Prosecutor gives verdict on wildlife justice

A PROSECUTOR who has been at the forefront of bringing those who commit crimes against wildlife to justice for more than a decade has given his verdict on how the court system is becoming increasingly successful in helping to protect nature.

A PROSECUTOR who has been at the forefront of bringing those who commit crimes against wildlife to justice for more than a decade has given his verdict on how the court system is becoming increasingly successful in helping to protect nature.

As a contributor to a new book, The Thin Green Line, which provides a wide-ranging survey of the scale of wildlife crime in the UK, Nicholas Crampton gives an analysis of the progress which has been made in prosecution of wildlife crime and details cases which have helped strengthen wildlife law.

He said: “Norfolk CPS has had a string of very successful cases over the last 15 years, some of which have had a positive impact on the level of wildlife crime enforcement elsewhere in the country.

“Some of the cases were ground breaking, especially in showing how the court could be assisted to evaluate the seriousness of an offence.


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“That has resulted in the courts imposing substantially heavier penalties than in the past.”

Prosecuting wildlife crime is an unusual specialism but Norfolk is lucky enough to have two prosecutors with expertise in the field and Mr Crampton shares the county's wildlife cases, when they occur, with his colleague Kevin Eastwick with whom he works with closely.

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Mr Crampton, who lives in West Norfolk, said that throughout the 1990s Norfolk prosecutors dealt with a succession of stolen birds eggs and bulb digging cases.

It was those cases which gave him the opportunity to see whether the courts could be persuaded to impose more serious penalties and in one case the CPS achieved a higher penalty for a bulb digging case at Thetford by using the Theft Act.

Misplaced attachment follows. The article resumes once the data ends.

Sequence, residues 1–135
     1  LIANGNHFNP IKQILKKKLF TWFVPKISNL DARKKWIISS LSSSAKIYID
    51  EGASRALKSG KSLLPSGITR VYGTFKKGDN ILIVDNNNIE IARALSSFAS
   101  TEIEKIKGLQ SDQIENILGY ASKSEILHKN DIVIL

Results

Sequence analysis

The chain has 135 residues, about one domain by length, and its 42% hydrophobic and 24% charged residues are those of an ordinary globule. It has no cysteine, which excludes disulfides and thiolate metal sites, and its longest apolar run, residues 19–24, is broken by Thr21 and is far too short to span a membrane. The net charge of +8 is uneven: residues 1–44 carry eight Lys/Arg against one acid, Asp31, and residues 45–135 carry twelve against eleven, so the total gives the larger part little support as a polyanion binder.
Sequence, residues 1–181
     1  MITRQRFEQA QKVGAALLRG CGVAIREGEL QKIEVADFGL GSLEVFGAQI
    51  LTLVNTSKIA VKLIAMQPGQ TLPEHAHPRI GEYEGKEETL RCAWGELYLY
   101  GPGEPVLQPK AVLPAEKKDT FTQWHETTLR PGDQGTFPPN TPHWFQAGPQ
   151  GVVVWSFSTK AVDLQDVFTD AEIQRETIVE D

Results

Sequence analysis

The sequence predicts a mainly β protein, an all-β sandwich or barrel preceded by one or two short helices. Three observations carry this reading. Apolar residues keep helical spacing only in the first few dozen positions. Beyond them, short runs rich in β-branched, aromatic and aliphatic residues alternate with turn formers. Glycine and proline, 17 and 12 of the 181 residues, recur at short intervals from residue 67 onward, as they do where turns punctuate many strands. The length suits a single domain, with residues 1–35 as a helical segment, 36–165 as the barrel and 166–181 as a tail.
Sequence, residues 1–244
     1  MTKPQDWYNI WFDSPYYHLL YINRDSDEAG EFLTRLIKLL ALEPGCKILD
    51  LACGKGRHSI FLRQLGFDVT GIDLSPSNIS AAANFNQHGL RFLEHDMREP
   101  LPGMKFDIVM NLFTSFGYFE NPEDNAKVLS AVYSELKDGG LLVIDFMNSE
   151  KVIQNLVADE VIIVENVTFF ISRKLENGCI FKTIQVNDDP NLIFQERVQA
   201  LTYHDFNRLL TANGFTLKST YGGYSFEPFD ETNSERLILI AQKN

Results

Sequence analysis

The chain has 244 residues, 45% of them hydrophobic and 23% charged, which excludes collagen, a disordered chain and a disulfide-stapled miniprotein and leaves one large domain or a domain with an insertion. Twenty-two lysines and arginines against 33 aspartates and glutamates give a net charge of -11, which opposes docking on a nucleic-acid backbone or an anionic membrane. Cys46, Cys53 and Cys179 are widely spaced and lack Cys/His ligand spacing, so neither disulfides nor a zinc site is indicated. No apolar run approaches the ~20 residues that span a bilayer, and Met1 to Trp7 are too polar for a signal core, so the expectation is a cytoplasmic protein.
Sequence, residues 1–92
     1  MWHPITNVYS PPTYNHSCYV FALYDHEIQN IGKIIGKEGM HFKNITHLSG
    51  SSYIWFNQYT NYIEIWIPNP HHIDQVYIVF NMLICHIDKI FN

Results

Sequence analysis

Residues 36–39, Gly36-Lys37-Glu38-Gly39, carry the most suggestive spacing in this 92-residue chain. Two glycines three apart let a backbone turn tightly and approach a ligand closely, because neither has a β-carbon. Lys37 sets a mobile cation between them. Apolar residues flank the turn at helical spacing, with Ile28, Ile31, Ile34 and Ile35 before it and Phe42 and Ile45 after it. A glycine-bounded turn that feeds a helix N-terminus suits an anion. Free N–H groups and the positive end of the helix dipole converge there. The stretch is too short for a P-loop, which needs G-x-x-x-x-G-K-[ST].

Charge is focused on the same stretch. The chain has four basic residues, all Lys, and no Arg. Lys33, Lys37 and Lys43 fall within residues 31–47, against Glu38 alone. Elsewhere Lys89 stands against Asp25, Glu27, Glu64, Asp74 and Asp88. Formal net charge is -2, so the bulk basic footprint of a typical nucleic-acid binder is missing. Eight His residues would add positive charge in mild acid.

In 2002 new wildlife legislation was brought in which meant prison sentences of up to six moths could be imposed.

Since then a case where birds were being illegally imported from Thailand has sent he largest sentence ever imposed for a wildlife crime handed out and the principle of employer liability in bird poisoning cases has been firmly established thanks to a prosecution in Norfolk.

Mr Crampton said that both increased focus on how to deal with crime and the increased penalties resulting from the 2002 act had had an impact.

He said: “There is greater awareness and I think it is true to say that the number of egg thieves has declined and we know the number of hare coursing incidents crashed in 2004 and 2005.”

“It is important to prosecute wildlife crime because each country has an international obligation to protect the diversity of its wildlife.

“If we do not, why should we expect other countries to protect their wildlife - say tigers?

“Bio-diversity does not have boundaries. You cannot have swallows protected in the UK and then shot for target practice in Malta.”

The Thin Green Line is available from www.argyllpublishing.com and from bookshops.

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